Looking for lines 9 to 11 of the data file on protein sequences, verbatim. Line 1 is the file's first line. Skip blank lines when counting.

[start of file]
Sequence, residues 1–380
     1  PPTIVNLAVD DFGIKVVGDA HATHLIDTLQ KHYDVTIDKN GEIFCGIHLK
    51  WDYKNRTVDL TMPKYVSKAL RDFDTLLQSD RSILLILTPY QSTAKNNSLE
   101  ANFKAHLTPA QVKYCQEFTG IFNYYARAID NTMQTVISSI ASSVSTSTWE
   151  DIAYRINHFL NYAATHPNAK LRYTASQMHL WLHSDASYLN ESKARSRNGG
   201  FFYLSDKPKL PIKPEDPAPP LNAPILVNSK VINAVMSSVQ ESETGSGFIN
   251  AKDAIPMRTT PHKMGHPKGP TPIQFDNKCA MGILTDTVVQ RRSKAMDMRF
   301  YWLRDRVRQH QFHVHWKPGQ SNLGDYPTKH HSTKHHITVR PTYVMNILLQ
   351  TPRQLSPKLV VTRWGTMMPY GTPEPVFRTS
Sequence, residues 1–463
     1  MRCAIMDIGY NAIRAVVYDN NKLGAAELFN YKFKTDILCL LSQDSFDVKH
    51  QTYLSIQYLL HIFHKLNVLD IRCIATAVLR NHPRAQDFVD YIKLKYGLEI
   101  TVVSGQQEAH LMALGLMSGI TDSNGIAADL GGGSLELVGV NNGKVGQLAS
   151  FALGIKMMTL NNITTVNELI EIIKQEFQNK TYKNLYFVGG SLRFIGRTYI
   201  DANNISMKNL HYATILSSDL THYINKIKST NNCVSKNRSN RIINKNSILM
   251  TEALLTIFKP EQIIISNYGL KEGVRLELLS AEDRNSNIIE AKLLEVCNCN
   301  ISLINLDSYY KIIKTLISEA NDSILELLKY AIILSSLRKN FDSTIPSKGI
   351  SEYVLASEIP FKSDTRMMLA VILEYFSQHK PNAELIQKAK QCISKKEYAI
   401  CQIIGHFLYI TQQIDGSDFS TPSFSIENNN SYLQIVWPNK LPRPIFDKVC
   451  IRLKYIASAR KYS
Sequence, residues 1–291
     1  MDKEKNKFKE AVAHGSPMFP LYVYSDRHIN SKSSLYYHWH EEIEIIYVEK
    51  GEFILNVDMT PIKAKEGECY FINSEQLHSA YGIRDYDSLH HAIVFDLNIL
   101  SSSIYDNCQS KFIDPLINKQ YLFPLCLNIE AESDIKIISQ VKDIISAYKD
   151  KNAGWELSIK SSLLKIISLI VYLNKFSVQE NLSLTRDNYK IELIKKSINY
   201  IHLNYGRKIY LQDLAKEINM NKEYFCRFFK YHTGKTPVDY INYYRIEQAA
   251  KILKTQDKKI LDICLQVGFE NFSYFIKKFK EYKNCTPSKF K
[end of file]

   351  TPRQLSPKLV VTRWGTMMPY GTPEPVFRTS
Sequence, residues 1–463
     1  MRCAIMDIGY NAIRAVVYDN NKLGAAELFN YKFKTDILCL LSQDSFDVKH